Last week we heard how Jesus healed Peter’s mother-in-law and restored her to the family circle; today He heals the leper. In other places in the Gospel Jesus heals the corruption of the temple officials. His message is that the reign of God is here and everyone (no exceptions) belongs. This is a matter of justice for Jesus…to put everything in right relationship with God, the Father.
Following the example of Jesus, this is supposed to be our way, too. Jesus reaches out and touches the leper, the outcast, the untouchable, and He restores the separated and marginalized to wholeness in the community—the leper is cleansed and is able to participate in Community again. As followers of Jesus we are all called to heal each other and cast out our personal demons, too. You know them: greed and lust, mean-spiritedness, injustice, selfishness, addiction, fear and anger (to name just a few).
We don’t have to actually cure lepers (there is medicine that cures them of leprosy—Hansen’s disease). Leprosy, as it turns out is not very contagious and not so common a disease. Two thousand years ago people thought that anything flaky or peeling was leprous. Interestingly, it wasn’t only human beings who were unclean: things like walls or tools or fabrics with scales or flakes were leprous, too! There is a cure for leprosy today, but injustice and all those other diseases and demons are still rampant among us and are viral. (Just look at FB.) These problems and issues (diseases and communal demons) are what we are expected to “cure” and “cast out” as Christians and believers. We are called to help put people in right relationship, to help make them whole again. If you follow Jesus, you are called to do the same. You welcome new people when they need rescue from oppression and injustice and prejudice. You give to people who hunger and thirst for righteousness and justice. You invest your time, talent and treasure (cash) for the Kingdom on earth.
St. Paul tells us today to be imitators of Christ and to “do everything for the glory of God.” We all know that doing the “right” things: being generous, merciful, loving and forgiving can make a difference to those around us. As believers we must strive to be Christ-like; this is the call of discipleship—and Christ is the model for healing in the world.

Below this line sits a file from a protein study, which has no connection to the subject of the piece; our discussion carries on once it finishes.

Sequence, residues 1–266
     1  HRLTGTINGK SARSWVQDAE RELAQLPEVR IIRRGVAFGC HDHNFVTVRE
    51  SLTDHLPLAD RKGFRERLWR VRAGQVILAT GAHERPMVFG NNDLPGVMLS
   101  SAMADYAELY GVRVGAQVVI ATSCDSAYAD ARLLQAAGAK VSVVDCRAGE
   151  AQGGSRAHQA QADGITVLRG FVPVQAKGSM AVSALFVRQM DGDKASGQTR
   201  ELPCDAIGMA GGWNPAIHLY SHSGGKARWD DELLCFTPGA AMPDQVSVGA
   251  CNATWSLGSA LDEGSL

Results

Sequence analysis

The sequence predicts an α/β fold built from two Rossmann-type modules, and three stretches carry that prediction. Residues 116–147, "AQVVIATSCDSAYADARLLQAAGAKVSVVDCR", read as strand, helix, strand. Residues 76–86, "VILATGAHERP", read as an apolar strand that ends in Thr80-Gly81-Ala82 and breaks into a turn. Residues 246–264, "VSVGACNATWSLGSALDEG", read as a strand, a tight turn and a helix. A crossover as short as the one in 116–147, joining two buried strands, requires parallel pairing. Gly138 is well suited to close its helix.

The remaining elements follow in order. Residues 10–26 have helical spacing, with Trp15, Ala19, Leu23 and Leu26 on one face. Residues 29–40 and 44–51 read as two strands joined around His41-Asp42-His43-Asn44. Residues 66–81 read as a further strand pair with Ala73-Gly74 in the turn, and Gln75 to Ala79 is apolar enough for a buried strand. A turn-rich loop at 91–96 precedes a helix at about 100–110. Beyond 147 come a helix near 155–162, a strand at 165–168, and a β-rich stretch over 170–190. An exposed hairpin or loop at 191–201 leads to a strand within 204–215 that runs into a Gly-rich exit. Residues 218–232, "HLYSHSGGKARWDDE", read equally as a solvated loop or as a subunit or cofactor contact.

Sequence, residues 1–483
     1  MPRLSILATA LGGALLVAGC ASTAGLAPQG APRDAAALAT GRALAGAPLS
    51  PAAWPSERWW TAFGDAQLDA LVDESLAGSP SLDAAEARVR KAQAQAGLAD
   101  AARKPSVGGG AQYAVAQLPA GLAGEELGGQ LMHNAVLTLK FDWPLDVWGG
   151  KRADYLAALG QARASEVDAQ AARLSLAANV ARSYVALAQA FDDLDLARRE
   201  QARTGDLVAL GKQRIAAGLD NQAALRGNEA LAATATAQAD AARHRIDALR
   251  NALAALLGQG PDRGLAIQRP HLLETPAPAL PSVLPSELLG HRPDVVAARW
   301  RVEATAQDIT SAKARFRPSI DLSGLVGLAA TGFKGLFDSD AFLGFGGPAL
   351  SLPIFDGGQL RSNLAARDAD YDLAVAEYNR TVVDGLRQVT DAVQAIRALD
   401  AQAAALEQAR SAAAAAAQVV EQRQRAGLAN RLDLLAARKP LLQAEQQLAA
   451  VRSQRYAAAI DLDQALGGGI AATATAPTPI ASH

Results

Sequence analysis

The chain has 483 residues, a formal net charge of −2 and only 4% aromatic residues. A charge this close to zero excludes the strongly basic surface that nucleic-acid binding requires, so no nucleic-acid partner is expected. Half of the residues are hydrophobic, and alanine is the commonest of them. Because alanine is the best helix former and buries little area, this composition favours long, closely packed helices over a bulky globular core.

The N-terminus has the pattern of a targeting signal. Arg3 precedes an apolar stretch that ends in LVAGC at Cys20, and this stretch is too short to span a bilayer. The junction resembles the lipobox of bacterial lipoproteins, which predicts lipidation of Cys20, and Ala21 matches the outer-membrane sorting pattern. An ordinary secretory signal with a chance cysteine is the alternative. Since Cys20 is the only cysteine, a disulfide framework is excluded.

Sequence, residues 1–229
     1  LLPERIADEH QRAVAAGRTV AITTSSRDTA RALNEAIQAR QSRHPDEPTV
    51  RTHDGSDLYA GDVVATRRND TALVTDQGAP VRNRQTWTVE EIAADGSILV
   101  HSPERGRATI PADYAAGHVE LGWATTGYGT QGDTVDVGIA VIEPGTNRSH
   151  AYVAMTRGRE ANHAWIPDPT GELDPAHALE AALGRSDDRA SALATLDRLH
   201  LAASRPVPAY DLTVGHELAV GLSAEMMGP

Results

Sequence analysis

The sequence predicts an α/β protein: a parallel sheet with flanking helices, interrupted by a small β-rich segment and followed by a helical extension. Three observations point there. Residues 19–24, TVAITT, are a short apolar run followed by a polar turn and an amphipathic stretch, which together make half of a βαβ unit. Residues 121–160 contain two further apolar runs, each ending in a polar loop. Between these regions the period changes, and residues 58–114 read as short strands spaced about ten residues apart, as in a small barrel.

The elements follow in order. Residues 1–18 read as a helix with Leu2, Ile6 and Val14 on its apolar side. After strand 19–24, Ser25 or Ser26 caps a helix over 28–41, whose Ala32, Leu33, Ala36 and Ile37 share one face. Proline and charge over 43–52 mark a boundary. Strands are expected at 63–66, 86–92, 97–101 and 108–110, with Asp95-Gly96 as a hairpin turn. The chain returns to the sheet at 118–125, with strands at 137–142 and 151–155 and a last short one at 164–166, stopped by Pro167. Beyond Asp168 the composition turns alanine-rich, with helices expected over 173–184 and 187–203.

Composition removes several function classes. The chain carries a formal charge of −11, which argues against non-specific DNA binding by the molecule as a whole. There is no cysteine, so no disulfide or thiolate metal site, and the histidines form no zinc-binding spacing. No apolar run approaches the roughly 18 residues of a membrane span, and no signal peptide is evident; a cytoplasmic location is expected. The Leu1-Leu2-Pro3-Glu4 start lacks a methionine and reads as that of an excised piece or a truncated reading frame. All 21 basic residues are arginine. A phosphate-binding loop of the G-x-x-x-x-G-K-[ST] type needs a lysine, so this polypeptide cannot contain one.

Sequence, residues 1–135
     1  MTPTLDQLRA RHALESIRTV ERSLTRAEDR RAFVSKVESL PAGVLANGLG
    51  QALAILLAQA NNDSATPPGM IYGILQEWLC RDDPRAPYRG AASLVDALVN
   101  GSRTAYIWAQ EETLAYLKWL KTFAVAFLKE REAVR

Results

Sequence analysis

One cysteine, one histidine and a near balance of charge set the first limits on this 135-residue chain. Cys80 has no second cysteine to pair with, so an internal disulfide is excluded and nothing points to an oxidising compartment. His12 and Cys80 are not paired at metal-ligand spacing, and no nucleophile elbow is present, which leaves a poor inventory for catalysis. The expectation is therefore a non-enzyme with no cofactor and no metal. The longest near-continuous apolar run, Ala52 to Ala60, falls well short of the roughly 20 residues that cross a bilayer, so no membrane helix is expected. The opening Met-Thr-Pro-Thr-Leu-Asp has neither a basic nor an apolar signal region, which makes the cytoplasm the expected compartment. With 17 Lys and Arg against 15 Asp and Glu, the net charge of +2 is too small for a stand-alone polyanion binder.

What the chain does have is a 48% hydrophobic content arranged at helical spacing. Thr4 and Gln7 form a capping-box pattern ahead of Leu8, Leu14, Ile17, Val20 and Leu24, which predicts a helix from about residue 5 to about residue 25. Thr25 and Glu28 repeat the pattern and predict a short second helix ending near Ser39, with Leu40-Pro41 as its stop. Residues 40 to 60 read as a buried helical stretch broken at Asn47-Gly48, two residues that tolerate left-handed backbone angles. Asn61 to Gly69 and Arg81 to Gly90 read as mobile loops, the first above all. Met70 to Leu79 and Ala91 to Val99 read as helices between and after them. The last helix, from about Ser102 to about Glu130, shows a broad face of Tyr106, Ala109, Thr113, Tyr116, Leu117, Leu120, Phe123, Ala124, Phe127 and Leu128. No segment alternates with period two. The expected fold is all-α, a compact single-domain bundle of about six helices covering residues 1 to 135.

In today’s Gospel story the leper begs Jesus to heal him, and Our Lord in pity and mercy, heals him with a touch of His hand. We all have times when we need to ask for healing of one sort or another; and we all have times in which healing is asked of us. We are Christ’s hands in the world and must act to heal what we are capable of healing.
On Wednesday this week, we begin the penitential season of Lent. Our Lenten journey is an opportunity to turn inward and to focus on our continuing conversion; to work to fulfill our destinies as a holy and healing people. In this spirit, Church worship has changes that allow the people of God more consciousness and awareness in our prayer and worship. Lent gives us the opportunity to rest and renew in our faith—and to heal and be healed in mind and spirit.
Our liturgy in Lent reflects a spirit of simplifying. Watch for these changes: sacred silence, more quiet prayer together. We fast from the Gloria and from Alleluias, from flowers and plants and greenery until we arrive at and enter the great Three Days: The Triduum. We change our style of worship to encourage a time of prayer, penance and alms giving. Please be alert to the differences in our liturgy as this is an opportunity to practice concentration in worship and to place all in God’s hands—to turn away from the distraction of worldly things. This is the gift and wisdom of our Church’s liturgical cycles: we are given the opportunity to grow in faith through our worship: to be healed, to cast out all our various demons, and to rise to new spiritual life. Happy Lent!
Keep singing in your hearts!